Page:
A government contribution of £1 for every £4 put aside for their first house or their retirement must have sounded somehow too simple to many young savers but, as some auto-enrolment experts have pointed out, that's because it might just be.
The Work and Pensions Committee has today announced that it is re-opening its inquiry into auto-enrolment after concerns were raised over how the recently proposed Lifetime Isa (Lisa) will interact with the system designed to get more people saving into a workplace pension.
Concerned parties, included representatives from the Association of British Insurers and the Pensions and Lifetime Savings Association, warned the Committee that the Lisa may directly contradict what auto-enrolment is aiming to do, as young savers may be more concerned with the shorter term goal of getting their foot onto the property ladder than the longer term objective of saving for comfortable retirement.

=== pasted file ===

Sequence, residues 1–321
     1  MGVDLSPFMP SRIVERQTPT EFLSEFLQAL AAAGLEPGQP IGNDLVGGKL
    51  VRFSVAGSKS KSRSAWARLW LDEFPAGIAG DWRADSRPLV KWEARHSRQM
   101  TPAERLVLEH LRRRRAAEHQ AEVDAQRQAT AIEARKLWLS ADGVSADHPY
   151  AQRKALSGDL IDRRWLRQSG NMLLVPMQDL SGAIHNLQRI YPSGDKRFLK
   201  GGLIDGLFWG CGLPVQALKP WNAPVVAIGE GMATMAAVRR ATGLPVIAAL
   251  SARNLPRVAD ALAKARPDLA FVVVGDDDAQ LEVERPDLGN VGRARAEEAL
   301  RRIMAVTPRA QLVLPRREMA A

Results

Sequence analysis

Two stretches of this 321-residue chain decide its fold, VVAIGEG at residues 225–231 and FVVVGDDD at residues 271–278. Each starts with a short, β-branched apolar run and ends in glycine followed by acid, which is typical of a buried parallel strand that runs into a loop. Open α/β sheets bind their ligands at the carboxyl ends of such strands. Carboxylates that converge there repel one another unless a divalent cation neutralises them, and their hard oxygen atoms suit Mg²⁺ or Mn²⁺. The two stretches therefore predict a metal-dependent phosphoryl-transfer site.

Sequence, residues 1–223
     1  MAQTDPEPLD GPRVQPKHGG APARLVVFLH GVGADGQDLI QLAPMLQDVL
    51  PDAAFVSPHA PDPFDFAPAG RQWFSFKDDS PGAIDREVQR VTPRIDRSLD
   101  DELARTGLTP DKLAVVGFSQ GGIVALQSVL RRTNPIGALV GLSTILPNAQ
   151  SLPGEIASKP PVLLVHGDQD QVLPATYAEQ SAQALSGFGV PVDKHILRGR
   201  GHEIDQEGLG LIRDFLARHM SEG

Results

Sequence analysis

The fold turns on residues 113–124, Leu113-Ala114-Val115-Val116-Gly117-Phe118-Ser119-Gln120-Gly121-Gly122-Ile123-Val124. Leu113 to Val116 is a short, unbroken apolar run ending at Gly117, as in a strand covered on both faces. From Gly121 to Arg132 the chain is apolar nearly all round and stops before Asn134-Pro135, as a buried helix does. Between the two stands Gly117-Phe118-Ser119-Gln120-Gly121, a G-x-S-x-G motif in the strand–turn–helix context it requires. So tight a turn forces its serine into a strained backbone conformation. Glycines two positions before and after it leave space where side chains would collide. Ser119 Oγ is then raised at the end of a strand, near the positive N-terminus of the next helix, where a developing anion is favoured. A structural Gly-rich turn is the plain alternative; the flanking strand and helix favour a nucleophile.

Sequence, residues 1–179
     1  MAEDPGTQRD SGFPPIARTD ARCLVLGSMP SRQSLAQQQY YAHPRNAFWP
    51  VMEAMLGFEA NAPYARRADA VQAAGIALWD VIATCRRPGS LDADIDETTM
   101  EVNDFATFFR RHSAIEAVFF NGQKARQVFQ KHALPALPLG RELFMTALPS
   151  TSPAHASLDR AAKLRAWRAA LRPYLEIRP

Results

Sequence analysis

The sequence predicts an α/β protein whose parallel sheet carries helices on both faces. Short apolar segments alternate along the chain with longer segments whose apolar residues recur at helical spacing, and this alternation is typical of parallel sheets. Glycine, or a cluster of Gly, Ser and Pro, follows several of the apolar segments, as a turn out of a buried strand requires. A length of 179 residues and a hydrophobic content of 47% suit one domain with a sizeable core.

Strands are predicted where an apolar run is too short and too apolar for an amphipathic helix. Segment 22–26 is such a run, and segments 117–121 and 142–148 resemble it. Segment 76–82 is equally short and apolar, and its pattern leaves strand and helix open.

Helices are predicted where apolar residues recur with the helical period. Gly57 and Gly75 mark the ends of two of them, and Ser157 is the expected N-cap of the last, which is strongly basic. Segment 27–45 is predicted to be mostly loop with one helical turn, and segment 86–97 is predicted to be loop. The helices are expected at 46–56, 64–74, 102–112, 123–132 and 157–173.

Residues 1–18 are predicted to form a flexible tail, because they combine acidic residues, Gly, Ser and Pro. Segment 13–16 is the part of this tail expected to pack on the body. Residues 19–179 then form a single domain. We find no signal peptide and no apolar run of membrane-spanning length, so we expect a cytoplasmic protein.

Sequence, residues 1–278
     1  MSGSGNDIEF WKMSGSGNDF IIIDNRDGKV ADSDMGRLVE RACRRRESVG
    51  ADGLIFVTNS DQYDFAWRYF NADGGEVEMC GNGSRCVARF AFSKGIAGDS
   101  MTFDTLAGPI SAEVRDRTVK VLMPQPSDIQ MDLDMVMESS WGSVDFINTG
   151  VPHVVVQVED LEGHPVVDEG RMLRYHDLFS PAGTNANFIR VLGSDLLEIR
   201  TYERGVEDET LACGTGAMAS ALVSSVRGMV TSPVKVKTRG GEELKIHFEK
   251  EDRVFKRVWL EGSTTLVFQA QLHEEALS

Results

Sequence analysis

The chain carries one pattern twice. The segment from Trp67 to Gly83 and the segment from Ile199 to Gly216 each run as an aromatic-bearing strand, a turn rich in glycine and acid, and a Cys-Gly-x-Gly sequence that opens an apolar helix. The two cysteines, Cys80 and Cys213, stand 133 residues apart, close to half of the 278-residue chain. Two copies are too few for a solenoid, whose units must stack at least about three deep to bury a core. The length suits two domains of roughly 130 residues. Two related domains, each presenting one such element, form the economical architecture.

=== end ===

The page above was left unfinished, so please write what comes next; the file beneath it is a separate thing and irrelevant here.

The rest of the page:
The Committee is now seeking written submissions until 17 April and will be focusing on issues such as the extent Lisa is compatible with government's overall pensions strategy, which groups of people could be better off saving through Lisa rather than through auto-enrolment and the guidance is available to young adults trying to decide where best to put their money.
Welcoming the announcement to re-open the inquiry, Steve Webb, former pensions minister and now director of Policy at Royal London, said:
The big fear is that young people, having relatively little disposable income for saving, may reject the workplace pension into which they have been automatically enrolled in favour of a Lisa. The consequence of this is that they will lose the valuable employer contributions that they would have otherwise have received. It would be ironic if an initiative that is branded as promoting ‘lifetime savings’ was to undermine the very thing it was designed to support.